(Copy for the following chief mustering officers: Brigadier- General Pitcher, Indiana; Brigadier-General Oakes, Illinois; Lieutenant-Colonel Grier, Iowa; Colonel Alexander, Missouri; Lieutenant-Colonel Lovell, Wisconsin; Lieutenant-Colonel Hill, Michigan; Colonel Ely, New Jersey; Major Austine, Vermont; Major Silvey, New Hampshire; Lieutenant-Colonel Neide, Rhode Island; Lieutenant-Colonel Gilbert, Connecticut; Major Clarke, Massachusetts; Lieutenant-Colonel Littler, Maine.)
Washington City, May 19, 1865.
Honorable E. M. STANTON,
Secretary of War:
SIR: I have the honor to inclose certain papers* relative to the Orange and Alexandria Railroad.
The Governor of Virginia, Honorable F. H. Peirpoint, asks that this road be placed in possession of certain gentlemen appointed by the Board of Public Works to receive it. His letter is addressed to the Secretary of War.
Mr. John S. Barbour, president of the Orange and Alexandria Railroad for many years, incloses to Major-General Augur, commanding the Department of Washington, an order of Major- General Ord, placing him in charge of that part of the railroad in the Department of Virginia not in use by the military authorities.
He asks authority to take possession of the property of the company inthe city of Alexandria. He states that he has complied with the regulations, i. e., taken the amnesty oath, and that he has held no military office under the rebel Government while governing the road during the last four years of rebellion. He claims to represent the stockholders. I have been advised that there are stockholders, loyal men of the North, whose property was seized four years ago, and who have not been allowed any voice in the control of the affairs of the road or in the election of its president or directors. I doubt whether taking the amnesty oath re-establishes any person elected by disloyal votes as the legal or equitable president of a railroad from which all loyal men have been excluded during the past four years.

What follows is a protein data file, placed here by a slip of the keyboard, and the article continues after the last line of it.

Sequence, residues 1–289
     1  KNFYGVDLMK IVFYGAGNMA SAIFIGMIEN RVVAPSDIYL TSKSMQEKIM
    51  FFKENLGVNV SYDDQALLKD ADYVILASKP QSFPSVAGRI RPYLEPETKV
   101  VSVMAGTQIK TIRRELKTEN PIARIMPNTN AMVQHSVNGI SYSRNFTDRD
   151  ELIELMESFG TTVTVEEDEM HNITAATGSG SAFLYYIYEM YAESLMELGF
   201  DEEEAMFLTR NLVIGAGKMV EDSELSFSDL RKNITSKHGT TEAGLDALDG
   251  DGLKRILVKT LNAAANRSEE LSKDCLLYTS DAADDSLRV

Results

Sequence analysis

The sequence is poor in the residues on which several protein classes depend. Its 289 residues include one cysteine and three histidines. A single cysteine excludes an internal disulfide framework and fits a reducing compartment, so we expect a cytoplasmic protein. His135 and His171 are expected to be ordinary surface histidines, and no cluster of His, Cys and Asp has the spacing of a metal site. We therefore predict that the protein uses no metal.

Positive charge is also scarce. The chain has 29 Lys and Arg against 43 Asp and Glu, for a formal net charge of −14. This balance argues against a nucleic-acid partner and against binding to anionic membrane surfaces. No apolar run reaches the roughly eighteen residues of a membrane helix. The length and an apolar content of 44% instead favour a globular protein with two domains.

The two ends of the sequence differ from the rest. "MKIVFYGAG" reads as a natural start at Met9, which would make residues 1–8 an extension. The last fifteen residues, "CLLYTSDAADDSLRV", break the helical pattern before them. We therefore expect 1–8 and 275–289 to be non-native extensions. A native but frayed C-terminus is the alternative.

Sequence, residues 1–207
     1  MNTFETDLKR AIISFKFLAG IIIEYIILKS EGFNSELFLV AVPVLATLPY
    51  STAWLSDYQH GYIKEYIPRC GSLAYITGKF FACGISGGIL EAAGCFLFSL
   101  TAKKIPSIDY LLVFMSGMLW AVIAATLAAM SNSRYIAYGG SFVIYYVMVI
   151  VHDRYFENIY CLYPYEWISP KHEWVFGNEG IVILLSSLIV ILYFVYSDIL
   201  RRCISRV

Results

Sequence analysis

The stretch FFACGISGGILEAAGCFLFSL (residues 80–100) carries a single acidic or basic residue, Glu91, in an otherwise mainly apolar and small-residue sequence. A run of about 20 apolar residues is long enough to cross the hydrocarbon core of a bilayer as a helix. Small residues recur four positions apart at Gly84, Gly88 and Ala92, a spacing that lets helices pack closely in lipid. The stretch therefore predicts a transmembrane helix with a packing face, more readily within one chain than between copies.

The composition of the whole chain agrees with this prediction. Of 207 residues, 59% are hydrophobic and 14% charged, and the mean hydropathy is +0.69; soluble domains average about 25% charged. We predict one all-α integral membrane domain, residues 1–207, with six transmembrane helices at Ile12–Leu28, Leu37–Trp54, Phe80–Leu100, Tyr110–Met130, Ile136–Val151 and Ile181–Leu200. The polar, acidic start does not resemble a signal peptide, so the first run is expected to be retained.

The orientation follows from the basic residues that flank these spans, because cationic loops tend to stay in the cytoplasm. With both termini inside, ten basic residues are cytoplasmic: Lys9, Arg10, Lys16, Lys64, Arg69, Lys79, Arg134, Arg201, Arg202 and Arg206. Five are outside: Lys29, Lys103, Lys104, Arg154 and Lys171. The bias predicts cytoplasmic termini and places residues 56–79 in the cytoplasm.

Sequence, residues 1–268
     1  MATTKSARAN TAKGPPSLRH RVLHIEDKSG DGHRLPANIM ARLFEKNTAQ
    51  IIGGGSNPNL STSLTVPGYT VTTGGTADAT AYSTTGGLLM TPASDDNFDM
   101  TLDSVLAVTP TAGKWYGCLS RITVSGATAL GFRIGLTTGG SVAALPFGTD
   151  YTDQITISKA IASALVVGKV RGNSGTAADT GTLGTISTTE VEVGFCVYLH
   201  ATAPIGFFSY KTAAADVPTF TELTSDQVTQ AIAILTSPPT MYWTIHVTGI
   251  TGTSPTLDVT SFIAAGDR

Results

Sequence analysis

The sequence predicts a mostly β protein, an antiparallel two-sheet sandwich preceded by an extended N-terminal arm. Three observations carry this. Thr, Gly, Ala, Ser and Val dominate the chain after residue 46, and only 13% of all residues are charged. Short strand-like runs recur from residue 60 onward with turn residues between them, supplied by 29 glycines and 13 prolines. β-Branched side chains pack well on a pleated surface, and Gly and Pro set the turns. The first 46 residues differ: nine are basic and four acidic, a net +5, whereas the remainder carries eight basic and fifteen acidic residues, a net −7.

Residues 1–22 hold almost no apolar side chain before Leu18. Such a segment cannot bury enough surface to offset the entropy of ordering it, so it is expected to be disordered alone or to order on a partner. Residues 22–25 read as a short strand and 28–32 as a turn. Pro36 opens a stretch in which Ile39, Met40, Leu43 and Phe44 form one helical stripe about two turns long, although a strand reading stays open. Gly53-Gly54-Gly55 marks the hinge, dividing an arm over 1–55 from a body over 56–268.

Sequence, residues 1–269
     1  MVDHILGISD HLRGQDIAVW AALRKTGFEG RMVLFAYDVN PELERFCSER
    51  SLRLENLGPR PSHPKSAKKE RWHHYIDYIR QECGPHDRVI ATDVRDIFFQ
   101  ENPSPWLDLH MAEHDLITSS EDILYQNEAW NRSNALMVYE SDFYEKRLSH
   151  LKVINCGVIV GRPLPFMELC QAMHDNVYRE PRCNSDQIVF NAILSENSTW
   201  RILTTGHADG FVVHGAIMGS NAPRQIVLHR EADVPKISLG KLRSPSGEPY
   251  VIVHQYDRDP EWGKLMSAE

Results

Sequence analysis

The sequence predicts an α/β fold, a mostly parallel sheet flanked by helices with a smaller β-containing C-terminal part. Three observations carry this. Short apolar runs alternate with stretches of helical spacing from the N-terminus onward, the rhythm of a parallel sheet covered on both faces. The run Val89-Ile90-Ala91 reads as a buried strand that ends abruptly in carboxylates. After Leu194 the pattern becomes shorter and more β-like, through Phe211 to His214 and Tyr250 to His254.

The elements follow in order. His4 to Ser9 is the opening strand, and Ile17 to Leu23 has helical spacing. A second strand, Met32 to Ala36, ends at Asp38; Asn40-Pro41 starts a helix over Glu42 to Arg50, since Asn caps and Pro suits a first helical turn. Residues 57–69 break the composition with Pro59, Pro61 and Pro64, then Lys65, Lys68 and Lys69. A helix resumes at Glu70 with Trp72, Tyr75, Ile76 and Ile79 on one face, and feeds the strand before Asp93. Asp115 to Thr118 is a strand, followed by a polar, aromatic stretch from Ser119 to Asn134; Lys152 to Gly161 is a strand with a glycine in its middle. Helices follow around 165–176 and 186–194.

The State of Virginia has a Board of Public Works, charged with the general supervision of railroads and other public works of the State. I am advised that the State holds an interest of three-fifths in all the railroads and canals and turnpikes. Mr. John S. Barbour, however, informs me that the Orange and Alexandria Railroad is an exception to this rule; that it is the property almost entirely, if not entirely, of private parties; others deny this.
The question of the disposition of the railroads in the States lately in rebellion is a large one, and after reflection I have the honor to advise that the following principles be established to govern the action of the Quartermaster's Department and of the military authorities in disposing of all of them:
First. The United States will, as soon as it can dispense with the military occupation and control of any road of which the Quartermaster's Department is now in charge, turn it over to the parties asking to receive it who may appear to have the best claim and be able to operate it in such manner as to secure the speedy movement of all